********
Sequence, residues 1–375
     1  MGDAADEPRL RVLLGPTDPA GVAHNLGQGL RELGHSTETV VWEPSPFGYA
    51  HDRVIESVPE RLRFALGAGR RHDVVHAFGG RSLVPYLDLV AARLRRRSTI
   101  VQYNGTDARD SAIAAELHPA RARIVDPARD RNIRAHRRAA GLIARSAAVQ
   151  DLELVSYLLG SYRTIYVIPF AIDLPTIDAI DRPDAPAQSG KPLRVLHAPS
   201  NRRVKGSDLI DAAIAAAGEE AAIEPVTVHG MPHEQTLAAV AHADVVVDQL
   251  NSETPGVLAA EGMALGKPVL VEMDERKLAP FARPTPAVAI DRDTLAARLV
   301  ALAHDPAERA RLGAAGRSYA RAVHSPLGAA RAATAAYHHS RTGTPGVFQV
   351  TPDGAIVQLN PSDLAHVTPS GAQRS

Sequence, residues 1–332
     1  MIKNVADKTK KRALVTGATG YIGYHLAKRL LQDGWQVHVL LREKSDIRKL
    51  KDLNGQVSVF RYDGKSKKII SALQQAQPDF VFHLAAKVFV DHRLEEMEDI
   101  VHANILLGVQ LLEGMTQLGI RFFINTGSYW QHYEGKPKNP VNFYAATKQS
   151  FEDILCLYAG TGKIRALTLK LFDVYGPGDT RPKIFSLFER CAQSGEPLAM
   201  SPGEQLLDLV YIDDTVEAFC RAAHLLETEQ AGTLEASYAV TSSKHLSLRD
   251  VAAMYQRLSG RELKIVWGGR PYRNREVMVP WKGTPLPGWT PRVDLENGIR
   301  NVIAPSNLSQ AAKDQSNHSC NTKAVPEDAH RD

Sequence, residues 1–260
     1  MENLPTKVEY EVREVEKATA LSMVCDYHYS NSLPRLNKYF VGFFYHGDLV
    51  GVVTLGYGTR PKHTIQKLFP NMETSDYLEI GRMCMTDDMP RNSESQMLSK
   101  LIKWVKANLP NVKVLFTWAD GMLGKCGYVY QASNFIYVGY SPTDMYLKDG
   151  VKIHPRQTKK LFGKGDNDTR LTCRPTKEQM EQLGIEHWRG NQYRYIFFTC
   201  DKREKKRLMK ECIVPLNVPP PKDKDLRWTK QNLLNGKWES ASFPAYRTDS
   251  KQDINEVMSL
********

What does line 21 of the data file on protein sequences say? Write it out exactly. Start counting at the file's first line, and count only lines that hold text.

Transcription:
   101  LIKWVKANLP NVKVLFTWAD GMLGKCGYVY QASNFIYVGY SPTDMYLKDG